Update (Yet) Again: I have now also written a comprehensive Weaver Theme User Guide which takes you inside the Weaver II Admin Panel. This comprehensive series of user Guide lets you see in detail, how easy it is to design a beautiful website with no design skills, and no technical knowledge at all., even if you are a complete beginner.
With the Weaver Theme, all Options and choices are controlled by using your mouse. No other skill required. It’s a great theme for non-geeks.
You Can Learn Anything From Youtube Videos
There are also lots of Youtube and WordPress Tutorials that will help you learn how to drive WordPress which use the Twenty Eleven theme to demonstrate how WordPress works. My advice is to go through these tutorials using the Twenty Eleven theme that you already have, until you understand the basics of how WordPress works. Then you can experiment with other themes.
Many WordPress themes are free, and the Themes can be browsed from directly from within your WordPress Dashboard at Themes in the left hand sidebar, or on the open internet here: http://wordpress.org/extend/themes if you prefer.
Themes that are not free are called Premium Themes and can be found by Google searching.
The Two Different WordPress Websites and Platforms
Also note that there are several different WordPress websites: This is important for beginners to understand, or you will not know what’s what, or who’s who.
- www.wordpress.org is the Support and Free Themes and Plugins website. Most ‘serious’ bloggers use this .org site and it’s feee WordPress platform because of it’s total flexibility and freedom to do whatever you want with your blog.
- A blog that uses the .org platform, is like buying your own home on your own block of land. You can do whatever you like with it, and the only restriction is your skill level and your preferences.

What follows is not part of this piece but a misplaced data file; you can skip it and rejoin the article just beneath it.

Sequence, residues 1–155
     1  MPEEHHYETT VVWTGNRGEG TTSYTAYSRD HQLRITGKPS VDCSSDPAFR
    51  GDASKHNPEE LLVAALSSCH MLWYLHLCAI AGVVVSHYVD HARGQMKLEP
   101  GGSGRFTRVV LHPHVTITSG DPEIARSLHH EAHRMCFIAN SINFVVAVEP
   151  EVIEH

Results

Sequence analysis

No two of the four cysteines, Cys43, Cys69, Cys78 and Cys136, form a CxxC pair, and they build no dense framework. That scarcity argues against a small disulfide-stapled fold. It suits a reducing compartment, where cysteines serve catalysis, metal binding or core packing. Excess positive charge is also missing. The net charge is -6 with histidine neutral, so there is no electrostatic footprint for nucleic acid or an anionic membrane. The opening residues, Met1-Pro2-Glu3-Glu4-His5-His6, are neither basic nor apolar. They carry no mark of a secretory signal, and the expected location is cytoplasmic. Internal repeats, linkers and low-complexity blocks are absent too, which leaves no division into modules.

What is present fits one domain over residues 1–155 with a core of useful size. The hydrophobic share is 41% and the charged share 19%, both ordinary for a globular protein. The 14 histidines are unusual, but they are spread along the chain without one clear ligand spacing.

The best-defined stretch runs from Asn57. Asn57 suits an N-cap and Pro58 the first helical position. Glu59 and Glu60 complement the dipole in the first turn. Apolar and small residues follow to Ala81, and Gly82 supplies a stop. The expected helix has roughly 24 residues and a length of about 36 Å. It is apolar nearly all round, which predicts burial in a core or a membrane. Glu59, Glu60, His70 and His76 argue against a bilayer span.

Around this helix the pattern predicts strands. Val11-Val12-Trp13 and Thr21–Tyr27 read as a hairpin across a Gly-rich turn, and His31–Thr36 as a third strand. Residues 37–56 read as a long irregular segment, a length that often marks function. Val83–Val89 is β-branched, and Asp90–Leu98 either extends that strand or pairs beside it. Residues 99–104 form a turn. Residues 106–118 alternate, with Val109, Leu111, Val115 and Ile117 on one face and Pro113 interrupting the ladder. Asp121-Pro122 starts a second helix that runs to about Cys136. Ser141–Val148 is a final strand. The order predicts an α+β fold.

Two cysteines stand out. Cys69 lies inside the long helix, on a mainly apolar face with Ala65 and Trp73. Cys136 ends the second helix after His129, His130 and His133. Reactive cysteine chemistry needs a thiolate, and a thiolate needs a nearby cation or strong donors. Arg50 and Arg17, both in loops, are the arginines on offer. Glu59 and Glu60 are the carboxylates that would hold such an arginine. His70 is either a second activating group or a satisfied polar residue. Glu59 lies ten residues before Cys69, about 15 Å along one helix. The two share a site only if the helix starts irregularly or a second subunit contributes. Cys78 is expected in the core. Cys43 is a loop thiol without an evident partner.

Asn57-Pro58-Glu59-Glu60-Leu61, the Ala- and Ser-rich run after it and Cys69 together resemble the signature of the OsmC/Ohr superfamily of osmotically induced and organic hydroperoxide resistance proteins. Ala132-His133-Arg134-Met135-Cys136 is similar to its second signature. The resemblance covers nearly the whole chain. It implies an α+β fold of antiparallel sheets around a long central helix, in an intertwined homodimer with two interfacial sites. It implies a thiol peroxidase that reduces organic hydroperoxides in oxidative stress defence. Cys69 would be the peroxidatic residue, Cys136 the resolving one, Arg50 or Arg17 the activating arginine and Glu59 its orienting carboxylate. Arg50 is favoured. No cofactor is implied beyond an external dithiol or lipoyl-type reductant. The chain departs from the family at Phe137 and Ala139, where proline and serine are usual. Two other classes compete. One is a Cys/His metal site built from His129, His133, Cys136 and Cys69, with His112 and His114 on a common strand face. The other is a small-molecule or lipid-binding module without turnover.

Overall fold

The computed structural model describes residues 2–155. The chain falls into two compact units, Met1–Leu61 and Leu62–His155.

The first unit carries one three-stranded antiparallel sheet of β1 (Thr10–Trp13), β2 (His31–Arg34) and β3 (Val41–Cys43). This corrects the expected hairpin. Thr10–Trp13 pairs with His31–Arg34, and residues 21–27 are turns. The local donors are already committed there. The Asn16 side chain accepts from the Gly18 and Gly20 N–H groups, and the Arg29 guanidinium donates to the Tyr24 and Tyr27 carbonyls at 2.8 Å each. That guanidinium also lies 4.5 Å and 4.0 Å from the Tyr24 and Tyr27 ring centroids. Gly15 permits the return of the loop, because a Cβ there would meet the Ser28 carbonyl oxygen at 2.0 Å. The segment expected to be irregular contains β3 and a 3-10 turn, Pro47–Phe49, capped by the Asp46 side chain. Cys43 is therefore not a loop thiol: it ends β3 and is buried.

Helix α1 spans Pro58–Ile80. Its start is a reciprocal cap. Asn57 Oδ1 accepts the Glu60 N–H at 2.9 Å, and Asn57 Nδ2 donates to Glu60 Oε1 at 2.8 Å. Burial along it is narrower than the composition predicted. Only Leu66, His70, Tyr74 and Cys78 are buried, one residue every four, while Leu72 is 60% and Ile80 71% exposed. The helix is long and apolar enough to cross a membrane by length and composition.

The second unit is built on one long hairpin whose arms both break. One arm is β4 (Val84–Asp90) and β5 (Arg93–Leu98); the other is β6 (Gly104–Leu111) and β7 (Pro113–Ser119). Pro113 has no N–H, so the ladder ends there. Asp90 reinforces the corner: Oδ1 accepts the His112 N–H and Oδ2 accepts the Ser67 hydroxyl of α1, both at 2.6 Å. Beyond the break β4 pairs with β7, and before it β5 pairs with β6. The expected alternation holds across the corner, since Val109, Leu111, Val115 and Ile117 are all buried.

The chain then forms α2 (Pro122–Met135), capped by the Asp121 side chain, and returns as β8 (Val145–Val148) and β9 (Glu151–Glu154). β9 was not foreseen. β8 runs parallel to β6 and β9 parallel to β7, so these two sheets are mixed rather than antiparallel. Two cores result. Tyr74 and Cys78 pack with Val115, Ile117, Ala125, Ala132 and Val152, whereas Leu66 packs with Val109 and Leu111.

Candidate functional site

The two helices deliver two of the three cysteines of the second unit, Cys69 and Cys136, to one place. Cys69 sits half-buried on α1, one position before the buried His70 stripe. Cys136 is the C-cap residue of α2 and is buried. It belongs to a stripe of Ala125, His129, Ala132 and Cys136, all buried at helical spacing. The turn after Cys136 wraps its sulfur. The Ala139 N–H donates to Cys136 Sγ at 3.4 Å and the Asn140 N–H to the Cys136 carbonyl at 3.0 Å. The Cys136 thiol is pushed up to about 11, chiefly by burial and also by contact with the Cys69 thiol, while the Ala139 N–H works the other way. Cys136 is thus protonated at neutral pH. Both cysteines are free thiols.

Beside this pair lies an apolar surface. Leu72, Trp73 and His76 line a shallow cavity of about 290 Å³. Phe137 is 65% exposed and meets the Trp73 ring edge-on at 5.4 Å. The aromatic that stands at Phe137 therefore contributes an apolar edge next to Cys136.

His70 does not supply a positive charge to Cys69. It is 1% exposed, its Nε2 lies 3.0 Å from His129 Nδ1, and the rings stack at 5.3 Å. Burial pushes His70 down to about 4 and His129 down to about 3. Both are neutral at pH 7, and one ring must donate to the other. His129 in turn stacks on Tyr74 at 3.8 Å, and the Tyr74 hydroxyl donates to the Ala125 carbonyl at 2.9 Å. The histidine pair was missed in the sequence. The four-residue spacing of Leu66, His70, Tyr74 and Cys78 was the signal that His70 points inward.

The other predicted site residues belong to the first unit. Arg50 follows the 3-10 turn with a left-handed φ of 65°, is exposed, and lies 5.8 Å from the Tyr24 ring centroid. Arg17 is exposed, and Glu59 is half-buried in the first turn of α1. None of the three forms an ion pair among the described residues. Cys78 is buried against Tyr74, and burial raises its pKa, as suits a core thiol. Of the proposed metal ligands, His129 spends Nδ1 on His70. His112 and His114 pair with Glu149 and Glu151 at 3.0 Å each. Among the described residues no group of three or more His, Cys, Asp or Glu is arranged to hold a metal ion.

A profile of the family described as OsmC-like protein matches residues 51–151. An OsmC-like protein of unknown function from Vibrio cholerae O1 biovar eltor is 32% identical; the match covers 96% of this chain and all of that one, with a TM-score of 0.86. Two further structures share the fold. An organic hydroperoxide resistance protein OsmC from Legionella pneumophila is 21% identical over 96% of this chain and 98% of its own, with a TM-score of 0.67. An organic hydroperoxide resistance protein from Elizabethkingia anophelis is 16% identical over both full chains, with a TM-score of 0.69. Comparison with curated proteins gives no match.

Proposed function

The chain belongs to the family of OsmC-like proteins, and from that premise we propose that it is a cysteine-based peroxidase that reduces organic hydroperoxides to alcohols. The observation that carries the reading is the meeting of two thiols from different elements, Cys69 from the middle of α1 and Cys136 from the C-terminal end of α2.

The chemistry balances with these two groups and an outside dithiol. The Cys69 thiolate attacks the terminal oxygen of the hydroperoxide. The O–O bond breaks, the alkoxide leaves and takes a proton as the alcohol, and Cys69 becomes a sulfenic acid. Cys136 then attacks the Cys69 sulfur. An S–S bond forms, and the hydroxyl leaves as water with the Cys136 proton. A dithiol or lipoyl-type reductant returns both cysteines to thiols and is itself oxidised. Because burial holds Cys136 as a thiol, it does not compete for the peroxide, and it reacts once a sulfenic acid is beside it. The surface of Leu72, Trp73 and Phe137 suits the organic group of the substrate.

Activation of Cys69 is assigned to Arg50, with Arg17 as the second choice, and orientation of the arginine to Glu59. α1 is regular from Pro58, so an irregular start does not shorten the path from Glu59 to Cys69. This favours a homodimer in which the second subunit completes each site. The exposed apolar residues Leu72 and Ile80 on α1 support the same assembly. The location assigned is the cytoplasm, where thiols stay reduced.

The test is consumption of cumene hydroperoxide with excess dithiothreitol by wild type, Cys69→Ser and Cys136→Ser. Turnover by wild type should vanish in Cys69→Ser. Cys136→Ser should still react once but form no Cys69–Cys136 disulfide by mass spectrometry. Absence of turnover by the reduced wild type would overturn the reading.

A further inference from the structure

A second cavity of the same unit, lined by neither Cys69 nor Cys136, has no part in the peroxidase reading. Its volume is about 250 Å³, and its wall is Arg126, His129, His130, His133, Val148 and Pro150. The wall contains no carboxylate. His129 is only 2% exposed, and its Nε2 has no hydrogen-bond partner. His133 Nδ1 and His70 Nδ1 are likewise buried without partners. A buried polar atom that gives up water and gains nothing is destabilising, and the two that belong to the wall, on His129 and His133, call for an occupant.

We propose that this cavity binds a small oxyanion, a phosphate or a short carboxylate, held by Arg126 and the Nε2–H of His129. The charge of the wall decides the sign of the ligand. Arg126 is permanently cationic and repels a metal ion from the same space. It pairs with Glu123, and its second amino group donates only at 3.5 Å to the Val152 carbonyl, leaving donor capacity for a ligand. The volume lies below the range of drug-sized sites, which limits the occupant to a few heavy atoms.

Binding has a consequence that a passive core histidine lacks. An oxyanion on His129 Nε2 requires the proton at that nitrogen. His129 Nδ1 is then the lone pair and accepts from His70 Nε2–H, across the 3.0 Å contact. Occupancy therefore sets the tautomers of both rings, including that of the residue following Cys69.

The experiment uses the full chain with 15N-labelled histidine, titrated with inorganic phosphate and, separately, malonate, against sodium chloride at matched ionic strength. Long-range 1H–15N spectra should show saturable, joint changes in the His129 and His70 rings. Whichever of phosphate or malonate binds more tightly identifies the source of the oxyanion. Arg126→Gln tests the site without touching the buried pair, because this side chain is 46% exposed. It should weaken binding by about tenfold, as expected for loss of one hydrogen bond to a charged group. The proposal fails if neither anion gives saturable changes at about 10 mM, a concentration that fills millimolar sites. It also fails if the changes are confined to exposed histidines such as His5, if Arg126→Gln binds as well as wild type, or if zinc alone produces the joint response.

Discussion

- www.wordpress.com is where you can sign up for a blog hosted from within WordPress.com. The .com platform (Blogger) has a lot of limitations but many bloggers still use it. This .com site provides a Blog Platform that is like renting an apartment in someone else’s block of apartments.
If you choose to set up a free blog using the www.wordpress.com website, the words ‘wordpress blog’ or ‘blogger’ will be added to your blog’s title name.
This is fine for personal blogs, but if you want to have more control over what you can do with your blog or website, and you don’t want to have ‘wordpress blog’ appearing in the title, you must buy a Domain Name from a Domain Name Registrar.
Then sign up for a Hosting account from a Web Host company such as Hostgator, Godaddy or BlueHost and others. Then download and install WordPress independently onto that site. WordPress itself is free. This is not difficult or expensive to do.
What You Have Done So Far
- You have a Domain Name registered with a Registrar.